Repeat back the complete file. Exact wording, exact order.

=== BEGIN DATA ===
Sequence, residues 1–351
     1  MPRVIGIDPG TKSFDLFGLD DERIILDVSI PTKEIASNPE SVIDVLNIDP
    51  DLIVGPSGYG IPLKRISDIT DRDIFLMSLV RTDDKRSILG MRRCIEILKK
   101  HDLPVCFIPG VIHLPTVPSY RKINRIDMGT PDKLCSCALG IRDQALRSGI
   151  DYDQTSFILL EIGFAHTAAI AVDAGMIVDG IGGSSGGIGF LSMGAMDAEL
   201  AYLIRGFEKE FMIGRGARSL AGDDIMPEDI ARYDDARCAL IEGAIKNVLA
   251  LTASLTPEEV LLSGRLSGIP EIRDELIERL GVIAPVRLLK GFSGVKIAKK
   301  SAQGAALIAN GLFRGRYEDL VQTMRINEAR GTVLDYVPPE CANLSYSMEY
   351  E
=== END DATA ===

Sequence, residues 1–351
     1  MPRVIGIDPG TKSFDLFGLD DERIILDVSI PTKEIASNPE SVIDVLNIDP
    51  DLIVGPSGYG IPLKRISDIT DRDIFLMSLV RTDDKRSILG MRRCIEILKK
   101  HDLPVCFIPG VIHLPTVPSY RKINRIDMGT PDKLCSCALG IRDQALRSGI
   151  DYDQTSFILL EIGFAHTAAI AVDAGMIVDG IGGSSGGIGF LSMGAMDAEL
   201  AYLIRGFEKE FMIGRGARSL AGDDIMPEDI ARYDDARCAL IEGAIKNVLA
   251  LTASLTPEEV LLSGRLSGIP EIRDELIERL GVIAPVRLLK GFSGVKIAKK
   301  SAQGAALIAN GLFRGRYEDL VQTMRINEAR GTVLDYVPPE CANLSYSMEY
   351  E